Glioblastoma-derived extracellular vesicles modify the phenotype of monocytic cells

J de Vrij, SLN Maas, KMC Kwappenberg, R Schnoor, Anne Kleijn, Lennard Dekker, Theo Luider, LD de Witte, M Litjens, ME van Strien, EM Hol, J Kroonen, PA Robe, Martine Lamfers, MW Schilham, MLD Broekman

Research output: Contribution to journalArticleAcademicpeer-review

138 Citations (Scopus)

Abstract

Glioblastoma multiforme (GBM) is the most common primary brain tumor and is without exception lethal. GBMs modify the immune system, which contributes to the aggressive nature of the disease. Particularly, cells of the monocytic lineage, including monocytes, macrophages and microglia, are affected. We investigated the influence of GBM-derived extracellular vesicles (EVs) on the phenotype of monocytic cells. Proteomic profiling showed GBM EVs to be enriched with proteins functioning in extracellular matrix interaction and leukocyte migration. GBM EVs appeared to skew the differentiation of peripheral blood-derived monocytes to alternatively activated/M2-type macrophages. This was observed for EVs from an established cell line, as well as for EVs from primary cultures of GBM stem-like cells (GSCs). Unlike EVs of non-GBM origin, GBM EVs induced modified expression of cell surface proteins, modified cytokine secretion (e.g., an increase in vascular endothelial growth factor and IL-6) and increased phagocytic capacity of the macrophages. Most pronounced effects were observed upon incubation with EVs from mesenchymal GSCs. GSC EVs also affected primary human microglia, resulting in increased expression of Membrane type 1-matrix metalloproteinase, a marker for GBM microglia and functioning as tumor-supportive factor. In conclusion, GBM-derived EVs can modify cells of the monocytic lineage, which acquire characteristics that resemble the tumor-supportive phenotypes observed in patients. What's New? The prognosis of patients with glioblastoma multiforme (GBM) remains dismal. GBM tumors can modify the immune response, both locally and systemically, which contributes to the aggressive nature of the disease. In this study, the authors found that GBM-derived extracellular vesicles (EVs) were able to modify the phenotypes of immune cells such as microglia and blood-derived monocytes in ways that made them more tumor-supportive. Changes included altered cytokine secretion by macrophages and increased expression of Membrane type 1-matrix metalloproteinase (MT1-MMP) by microglia. These results suggest that blocking GBM-derived EVs may have therapeutic potential.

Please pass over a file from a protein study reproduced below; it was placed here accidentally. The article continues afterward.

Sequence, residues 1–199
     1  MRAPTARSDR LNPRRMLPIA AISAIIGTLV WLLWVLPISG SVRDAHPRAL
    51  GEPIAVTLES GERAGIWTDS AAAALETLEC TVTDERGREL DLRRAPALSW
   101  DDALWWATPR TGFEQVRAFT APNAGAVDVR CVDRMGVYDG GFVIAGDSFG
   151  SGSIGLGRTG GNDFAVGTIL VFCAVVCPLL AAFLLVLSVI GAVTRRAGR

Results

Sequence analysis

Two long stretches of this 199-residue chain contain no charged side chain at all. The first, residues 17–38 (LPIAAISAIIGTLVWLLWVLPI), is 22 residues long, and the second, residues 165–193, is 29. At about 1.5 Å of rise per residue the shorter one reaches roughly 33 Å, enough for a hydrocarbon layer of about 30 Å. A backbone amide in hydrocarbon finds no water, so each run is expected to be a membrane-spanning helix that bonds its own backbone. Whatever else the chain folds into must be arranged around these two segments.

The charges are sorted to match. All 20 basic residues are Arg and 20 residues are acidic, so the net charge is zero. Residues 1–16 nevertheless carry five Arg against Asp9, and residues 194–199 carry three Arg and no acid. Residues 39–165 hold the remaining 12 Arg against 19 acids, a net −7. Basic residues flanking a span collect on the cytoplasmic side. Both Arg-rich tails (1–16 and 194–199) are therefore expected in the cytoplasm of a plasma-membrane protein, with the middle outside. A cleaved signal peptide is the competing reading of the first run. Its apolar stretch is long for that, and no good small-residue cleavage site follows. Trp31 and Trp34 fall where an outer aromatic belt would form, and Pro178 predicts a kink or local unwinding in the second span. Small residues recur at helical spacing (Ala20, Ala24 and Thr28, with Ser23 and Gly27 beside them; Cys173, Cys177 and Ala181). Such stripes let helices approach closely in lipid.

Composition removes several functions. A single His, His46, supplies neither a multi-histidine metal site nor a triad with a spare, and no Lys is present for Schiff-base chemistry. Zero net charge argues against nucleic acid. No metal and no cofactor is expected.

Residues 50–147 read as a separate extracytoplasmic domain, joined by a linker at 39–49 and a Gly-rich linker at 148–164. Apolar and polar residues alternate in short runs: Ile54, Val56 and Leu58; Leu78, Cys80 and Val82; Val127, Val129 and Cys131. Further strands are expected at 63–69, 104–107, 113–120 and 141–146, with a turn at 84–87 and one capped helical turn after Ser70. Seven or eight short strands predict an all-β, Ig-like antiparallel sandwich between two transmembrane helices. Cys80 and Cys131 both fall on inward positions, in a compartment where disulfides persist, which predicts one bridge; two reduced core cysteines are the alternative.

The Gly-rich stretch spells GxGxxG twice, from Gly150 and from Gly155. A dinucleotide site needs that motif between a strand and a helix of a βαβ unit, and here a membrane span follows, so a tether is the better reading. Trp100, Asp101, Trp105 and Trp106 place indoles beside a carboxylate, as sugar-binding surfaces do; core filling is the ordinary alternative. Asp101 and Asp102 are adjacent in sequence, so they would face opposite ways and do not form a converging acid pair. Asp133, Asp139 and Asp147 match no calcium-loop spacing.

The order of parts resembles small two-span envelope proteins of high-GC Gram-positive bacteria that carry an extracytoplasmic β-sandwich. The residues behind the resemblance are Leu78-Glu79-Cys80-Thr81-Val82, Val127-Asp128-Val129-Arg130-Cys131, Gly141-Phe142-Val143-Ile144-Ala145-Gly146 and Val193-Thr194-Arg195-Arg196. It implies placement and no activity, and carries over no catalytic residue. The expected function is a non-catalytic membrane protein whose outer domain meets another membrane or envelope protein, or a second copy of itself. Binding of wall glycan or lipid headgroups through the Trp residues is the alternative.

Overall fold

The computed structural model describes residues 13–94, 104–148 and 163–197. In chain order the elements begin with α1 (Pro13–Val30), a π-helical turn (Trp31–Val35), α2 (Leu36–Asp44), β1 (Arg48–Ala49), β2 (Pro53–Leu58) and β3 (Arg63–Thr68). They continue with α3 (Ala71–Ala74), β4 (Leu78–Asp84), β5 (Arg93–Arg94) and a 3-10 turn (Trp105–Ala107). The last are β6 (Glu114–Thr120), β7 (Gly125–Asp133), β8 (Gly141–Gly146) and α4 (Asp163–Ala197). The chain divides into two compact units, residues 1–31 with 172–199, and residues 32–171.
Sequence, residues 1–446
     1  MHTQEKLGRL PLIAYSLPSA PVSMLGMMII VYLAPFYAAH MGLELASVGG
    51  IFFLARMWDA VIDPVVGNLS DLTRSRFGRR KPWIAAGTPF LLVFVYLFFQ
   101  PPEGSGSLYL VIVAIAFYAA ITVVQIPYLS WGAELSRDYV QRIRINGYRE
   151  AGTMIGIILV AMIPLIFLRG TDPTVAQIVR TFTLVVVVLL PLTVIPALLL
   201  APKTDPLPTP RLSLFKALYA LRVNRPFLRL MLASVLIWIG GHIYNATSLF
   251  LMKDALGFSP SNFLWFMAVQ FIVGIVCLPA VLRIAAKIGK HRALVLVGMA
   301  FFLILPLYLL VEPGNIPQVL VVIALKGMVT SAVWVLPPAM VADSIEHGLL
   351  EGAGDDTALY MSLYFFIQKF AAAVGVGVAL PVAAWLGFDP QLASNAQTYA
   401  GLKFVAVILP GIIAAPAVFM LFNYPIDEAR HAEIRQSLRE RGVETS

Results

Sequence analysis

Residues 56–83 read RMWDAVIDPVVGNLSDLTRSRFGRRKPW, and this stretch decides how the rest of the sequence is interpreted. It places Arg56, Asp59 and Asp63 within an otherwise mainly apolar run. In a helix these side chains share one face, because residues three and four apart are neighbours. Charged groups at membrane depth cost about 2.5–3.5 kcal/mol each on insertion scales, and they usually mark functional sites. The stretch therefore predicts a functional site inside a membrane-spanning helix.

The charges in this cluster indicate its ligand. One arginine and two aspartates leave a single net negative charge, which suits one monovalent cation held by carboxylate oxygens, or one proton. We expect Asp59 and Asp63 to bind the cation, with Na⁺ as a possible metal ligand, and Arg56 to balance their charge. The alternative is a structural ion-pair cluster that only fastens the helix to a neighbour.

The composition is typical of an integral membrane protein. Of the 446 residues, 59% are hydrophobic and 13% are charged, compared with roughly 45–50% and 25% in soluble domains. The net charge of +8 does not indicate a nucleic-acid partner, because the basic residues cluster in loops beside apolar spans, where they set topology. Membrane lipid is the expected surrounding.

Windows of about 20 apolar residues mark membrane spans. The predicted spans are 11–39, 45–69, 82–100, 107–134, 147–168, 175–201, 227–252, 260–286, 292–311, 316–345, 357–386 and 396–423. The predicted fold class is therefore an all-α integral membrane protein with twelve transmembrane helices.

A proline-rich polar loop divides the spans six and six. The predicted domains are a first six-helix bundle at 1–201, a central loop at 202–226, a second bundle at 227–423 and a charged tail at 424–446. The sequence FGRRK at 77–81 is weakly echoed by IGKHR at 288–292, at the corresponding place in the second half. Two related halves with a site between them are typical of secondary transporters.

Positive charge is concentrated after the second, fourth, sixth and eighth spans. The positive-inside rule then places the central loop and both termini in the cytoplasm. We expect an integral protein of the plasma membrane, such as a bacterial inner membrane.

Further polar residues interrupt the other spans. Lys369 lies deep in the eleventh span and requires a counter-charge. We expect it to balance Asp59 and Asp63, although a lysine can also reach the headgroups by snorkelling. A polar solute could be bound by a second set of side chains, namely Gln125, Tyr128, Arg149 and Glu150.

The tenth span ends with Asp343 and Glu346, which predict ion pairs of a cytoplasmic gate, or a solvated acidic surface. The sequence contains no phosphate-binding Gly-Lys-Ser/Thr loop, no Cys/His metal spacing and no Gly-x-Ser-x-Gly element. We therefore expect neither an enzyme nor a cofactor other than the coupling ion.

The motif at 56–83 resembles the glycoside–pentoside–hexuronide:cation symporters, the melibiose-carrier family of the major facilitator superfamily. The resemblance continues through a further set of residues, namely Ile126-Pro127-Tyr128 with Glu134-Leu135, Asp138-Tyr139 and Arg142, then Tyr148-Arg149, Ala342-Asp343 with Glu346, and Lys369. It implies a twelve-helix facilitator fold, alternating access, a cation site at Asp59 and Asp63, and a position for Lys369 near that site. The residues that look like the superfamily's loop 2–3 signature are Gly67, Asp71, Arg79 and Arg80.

Original languageUndefined/Unknown
Pages (from-to)1630-1642
Number of pages13
JournalInternational Journal of Cancer
Volume137
Issue number7
DOIs
Publication statusPublished - 2015

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